At a press conference in Pretoria he said, “There has been a policy of discouraging, because we believe Israel is an occupying power and is doing all sorts of things in the Palestine occupied territory which has been condemned by the entire international community.”
The obvious discriminatory nature of this policy lies in its blatant avoidance of applying the same measures to any of many other occupied and disputed territories. For the sake of brevity I refer to only one example, Northern Cyprus, which has been illegally occupied by Turkey since 1974. While discouraging cooperation with Israel, South Africa is elevating relations with Turkey in the wake of Deputy President Kgalema Motlanthe’s visit to Ankara last June, an event, by the way, that I applaud since I strongly advocate dialogue between states irrespective of differences.
The discriminatory treatment of Israel is nevertheless glaring, as Turkey continues its occupation of northern Cyprus despite the unanimous UN General Assembly Resolution 3212 (1974) that called for speedy withdrawal of all foreign troops as well as General Assembly Resolution 33/15 (1978) that deplored the continued presence of Turkish foreign armed forces on Cyprus.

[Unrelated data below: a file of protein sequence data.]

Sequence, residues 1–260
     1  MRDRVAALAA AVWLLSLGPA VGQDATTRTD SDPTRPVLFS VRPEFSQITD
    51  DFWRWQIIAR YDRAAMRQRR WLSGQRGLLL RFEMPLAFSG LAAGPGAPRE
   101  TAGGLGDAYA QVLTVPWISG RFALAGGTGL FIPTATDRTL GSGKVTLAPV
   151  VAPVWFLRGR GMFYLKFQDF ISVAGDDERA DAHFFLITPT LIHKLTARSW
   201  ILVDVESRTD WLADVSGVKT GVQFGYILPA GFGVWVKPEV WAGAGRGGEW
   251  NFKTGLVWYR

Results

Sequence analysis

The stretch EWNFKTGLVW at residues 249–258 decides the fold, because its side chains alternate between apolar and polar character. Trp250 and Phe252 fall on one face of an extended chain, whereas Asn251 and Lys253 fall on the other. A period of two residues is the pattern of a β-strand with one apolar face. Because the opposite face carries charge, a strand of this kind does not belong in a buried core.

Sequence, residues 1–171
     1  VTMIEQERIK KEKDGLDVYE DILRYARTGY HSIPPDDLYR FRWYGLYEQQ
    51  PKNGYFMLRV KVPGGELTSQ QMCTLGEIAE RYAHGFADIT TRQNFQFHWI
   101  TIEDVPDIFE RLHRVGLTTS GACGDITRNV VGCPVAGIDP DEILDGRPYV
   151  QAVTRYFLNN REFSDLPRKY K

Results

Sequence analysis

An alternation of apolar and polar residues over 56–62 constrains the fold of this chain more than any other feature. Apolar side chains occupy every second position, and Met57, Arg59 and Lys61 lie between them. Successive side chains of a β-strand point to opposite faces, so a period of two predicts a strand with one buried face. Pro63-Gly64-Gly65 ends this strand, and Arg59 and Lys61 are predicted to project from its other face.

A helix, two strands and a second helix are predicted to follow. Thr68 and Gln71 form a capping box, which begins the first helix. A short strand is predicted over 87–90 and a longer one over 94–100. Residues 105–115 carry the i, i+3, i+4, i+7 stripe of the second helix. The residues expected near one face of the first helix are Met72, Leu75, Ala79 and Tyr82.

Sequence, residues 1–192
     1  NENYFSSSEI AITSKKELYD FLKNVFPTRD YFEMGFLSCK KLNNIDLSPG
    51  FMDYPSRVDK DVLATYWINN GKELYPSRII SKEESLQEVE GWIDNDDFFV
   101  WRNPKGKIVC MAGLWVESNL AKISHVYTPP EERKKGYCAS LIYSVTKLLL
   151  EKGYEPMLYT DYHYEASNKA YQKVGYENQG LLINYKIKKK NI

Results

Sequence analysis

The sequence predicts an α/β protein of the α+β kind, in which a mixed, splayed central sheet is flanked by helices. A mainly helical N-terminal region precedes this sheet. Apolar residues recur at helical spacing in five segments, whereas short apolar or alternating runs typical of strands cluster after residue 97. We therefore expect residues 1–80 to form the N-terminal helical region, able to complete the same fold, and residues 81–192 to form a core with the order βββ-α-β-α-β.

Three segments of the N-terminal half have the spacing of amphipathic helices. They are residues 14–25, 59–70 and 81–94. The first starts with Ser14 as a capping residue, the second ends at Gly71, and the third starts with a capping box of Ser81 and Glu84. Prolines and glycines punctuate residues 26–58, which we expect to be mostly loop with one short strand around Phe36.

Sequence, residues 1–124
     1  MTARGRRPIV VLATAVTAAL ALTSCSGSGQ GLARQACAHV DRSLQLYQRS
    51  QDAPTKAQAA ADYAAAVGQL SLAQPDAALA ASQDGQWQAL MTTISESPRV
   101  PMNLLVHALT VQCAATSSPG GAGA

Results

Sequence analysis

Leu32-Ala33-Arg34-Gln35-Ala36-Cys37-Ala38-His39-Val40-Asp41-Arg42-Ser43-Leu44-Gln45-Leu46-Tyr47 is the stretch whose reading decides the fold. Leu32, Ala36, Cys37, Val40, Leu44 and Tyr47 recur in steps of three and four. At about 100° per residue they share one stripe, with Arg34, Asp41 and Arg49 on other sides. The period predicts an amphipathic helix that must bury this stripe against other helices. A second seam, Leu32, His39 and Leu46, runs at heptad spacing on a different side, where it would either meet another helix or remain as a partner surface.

According to the Cyprus Bar Association, the European Commission of Human Rights found Turkey guilty of grave violations of human rights in Cyprus having flouted the Genocide Convention, the UN International Covenants on Human Rights, the Hague Regulations, the 1949 Geneva Conventions and the European Convention on Human Rights.
Fortunately, Ebrahim Ebrahim does not reflect unanimous South African opinion. Expressing outrage, the African Christian Democratic Party wrote objecting to the “double standards by requiring of it [Israel] a behavior not accepted or demanded of any other democratic nation. We wonder why Ebrahim never called on South Africans not to visit Syria or any other country engulfed by war and violence in the Middle East.”